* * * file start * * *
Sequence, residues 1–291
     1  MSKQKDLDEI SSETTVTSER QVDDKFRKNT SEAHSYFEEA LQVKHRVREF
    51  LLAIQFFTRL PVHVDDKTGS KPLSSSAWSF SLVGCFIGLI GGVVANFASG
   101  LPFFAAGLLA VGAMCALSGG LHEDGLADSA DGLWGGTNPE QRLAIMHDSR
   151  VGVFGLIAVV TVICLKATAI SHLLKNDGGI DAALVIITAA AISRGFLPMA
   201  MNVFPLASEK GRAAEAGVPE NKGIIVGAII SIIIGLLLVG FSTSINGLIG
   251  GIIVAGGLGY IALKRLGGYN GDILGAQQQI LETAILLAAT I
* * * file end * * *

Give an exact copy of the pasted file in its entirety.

Sequence, residues 1–291
     1  MSKQKDLDEI SSETTVTSER QVDDKFRKNT SEAHSYFEEA LQVKHRVREF
    51  LLAIQFFTRL PVHVDDKTGS KPLSSSAWSF SLVGCFIGLI GGVVANFASG
   101  LPFFAAGLLA VGAMCALSGG LHEDGLADSA DGLWGGTNPE QRLAIMHDSR
   151  VGVFGLIAVV TVICLKATAI SHLLKNDGGI DAALVIITAA AISRGFLPMA
   201  MNVFPLASEK GRAAEAGVPE NKGIIVGAII SIIIGLLLVG FSTSINGLIG
   251  GIIVAGGLGY IALKRLGGYN GDILGAQQQI LETAILLAAT I